Can the effected distribution lines be
disinfected in accordance with AWWA
standards?
Immediately collect bacteriological
samples from the effected portion of the
distribution system and return the
affected portion to services.
Immediately issue a Boil
Water Notification to
affected area in accordance
with 30 TAC 290.46 (a) and
TNRCC directions. Notify
TNRCC Regional Office.
Notify TNRCC
Regional Office
immediately.
Additional measures
up to and including
the issuance of a Boil
Water Notification to
affected area may be
required
Flush until the chlorine residuals reaches
normal operating levels or until a
minimum of two volumes of the affected
line is flushed, whichever is greater. If
the water is not clear after the prescribed
flushing, continue to flush until water
clears.
Figure 1
Public Water Supplier Response to Loss of Pressure to All or Parts of the Distribution System
(Source: Texas Natural Resource Conservation Commission)
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Figure 1. Public Water Supplier Response to Loss of Pressure to All or Parts of the Distribution
System (Source: Texas Natural Resource Conservation Commission)
5.0 Summary
Installation and repair of water mains provides a direct opportunity for contamination of the
distributed water. Roughly 4,400 miles (7,080 km) of cast iron pipe are replaced each year, and
an estimated 13,200 miles (21,240 km) of new pipe are installed each year. Of the 12 largest
waterborne disease outbreaks reported between 1971 and 1998, two were associated with main
construction and repair activities. 1,400 cases of acute gastroenteritis illness were associated
with contamination of mains during storage, and 1,272 cases of Giardia were associated with the
contamination of a broken main. Public health issues associated with Cross Connections and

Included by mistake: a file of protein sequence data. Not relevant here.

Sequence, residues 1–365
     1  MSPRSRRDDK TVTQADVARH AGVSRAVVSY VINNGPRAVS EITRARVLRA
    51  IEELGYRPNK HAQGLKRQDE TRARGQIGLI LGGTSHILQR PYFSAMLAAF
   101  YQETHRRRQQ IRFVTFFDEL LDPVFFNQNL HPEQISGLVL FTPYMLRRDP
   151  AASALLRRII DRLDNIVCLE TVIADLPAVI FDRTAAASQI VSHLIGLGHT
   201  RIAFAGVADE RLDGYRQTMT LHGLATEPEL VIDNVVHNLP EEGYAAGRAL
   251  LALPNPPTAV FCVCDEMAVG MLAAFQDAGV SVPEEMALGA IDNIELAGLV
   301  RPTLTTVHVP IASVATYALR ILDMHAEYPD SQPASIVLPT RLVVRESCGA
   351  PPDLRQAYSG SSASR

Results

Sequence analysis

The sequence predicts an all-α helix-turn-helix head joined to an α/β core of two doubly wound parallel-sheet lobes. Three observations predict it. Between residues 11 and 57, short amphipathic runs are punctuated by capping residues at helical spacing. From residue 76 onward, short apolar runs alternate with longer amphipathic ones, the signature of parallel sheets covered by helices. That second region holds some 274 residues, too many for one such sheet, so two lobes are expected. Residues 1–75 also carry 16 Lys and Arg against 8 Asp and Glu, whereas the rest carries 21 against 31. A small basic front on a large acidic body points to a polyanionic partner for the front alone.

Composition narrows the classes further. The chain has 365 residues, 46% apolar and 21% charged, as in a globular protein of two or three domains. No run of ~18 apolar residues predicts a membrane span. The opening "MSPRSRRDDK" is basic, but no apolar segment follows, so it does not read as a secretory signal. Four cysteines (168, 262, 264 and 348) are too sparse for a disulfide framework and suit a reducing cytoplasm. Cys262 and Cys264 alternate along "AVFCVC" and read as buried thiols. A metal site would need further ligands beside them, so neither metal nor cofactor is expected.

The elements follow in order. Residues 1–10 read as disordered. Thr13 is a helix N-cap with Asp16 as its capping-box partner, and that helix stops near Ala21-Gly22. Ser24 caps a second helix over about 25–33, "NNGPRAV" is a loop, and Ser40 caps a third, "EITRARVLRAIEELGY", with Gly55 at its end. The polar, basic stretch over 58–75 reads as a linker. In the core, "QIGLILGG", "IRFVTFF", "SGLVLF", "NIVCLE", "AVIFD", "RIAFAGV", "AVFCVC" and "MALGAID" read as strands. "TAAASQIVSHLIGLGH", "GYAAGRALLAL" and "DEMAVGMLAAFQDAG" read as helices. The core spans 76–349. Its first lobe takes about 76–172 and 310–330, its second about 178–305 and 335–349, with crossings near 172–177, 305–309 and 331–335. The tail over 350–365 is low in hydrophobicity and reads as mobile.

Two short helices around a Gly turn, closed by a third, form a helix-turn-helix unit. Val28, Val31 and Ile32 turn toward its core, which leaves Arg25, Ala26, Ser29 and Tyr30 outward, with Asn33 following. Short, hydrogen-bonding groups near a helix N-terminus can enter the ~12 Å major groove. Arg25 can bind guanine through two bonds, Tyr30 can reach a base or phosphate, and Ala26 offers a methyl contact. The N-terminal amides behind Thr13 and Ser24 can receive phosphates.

Pathogen Intrusion are addressed in separate White Papers. Contamination can occur before,
during, and after construction or repair if existing AWWA standards are not followed.
ANSI/AWWA Standards 600-606 address pipe installation procedures, as well as guidelines on
inspection, trench construction, joint assembly, flushing, pressure and leakage testing. Best
management practices during the construction or repair of water mains are provided in AWWA
M20 and Pierson et al (2001). Specific sanitary criteria in AWWA standards for the storage and
handling of water mains focus on preventing gross contamination.
Bibliography	
American Water Works Association. 1973. AWWA Manual M20 - Water Chlorination
Principals and Practices. Denver, CO: AWWA.
American Water Works Association. 1992. ANSI/AWWA 651-92 - AWWA Standard for
Disinfecting Water Mains. Denver, CO: AWWA.
American Waterworks Association. 1993. ANSI/AWWA C600-93 - AWWA Standard for
Installation of Ductile-Iron Water Mains and Their Appurtenances.. Denver, CO:
AWWA.
Burlingame, G.A. and H.M Neukrug. 1993. Developing Proper Sanitation Requirements and
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Clark, J. A., et al. 1982. Characterization of Indicator Bacteria in Municipal Raw Water,
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Craun, G.F. and R. Caulderon. 2001. Waterborne Disease Outbreaks Caused by Distribution
System Deficiencies. JAWWA, 93(9): 64-75.
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CSIRO." Spray Lining." June 14, 2002.

Deb, A.K., Y.J. Hasit, and C. Norris. 1999. Demonstration of Innovative Water Main Renewal
Techniques. Denver, CO: AWWARF, AWWA.
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of Distribution System Operation and Maintenance. AWWARF.
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Haas, C.N., R.B. Chitluru, M. Gupta, W.O. Pipes and G.A. Burlingame. 1998. Development of
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Harris, J.O. 1959. Bacterial Activity at the Bottom of Back-Filled Pipe Line Ditches. Corrosion,
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Systems and Associated Research Needs. Denver, CO: AWWARF.
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Pierson, G., K. Martel, A. Hill, G. Burlingame, A. Godfree. 2001. Practices to Prevent
Microbiological Contamination of Water Mains. Denver, CO: AWWARF.
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http://www.epa. gov/safewater/tcrdsr. html. May 7, 2002.
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U.S. Environmental Protection Agency. 2002b. Microbial Health Effects Tables.